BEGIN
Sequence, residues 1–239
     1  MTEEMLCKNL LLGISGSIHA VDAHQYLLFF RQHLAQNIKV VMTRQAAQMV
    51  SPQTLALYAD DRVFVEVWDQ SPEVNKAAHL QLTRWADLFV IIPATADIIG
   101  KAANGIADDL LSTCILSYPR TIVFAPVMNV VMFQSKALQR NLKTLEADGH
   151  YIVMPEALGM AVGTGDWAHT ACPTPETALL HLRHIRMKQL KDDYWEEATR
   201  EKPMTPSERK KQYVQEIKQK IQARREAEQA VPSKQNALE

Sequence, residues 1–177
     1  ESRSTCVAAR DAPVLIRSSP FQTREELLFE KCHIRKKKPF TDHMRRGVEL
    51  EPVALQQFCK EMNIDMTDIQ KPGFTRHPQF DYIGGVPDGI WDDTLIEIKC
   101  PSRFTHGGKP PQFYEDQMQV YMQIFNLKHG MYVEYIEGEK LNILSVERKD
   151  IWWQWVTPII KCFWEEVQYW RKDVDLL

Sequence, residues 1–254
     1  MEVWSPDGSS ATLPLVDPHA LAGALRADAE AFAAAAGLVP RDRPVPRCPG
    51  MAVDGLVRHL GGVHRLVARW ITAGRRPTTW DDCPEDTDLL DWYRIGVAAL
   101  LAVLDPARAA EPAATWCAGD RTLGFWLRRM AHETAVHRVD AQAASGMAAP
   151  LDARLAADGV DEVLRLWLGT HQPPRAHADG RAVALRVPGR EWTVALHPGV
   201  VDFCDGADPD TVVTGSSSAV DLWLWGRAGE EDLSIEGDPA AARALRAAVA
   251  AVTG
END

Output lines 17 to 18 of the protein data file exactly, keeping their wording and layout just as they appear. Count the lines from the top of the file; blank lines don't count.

   201  VDFCDGADPD TVVTGSSSAV DLWLWGRAGE EDLSIEGDPA AARALRAAVA
   251  AVTG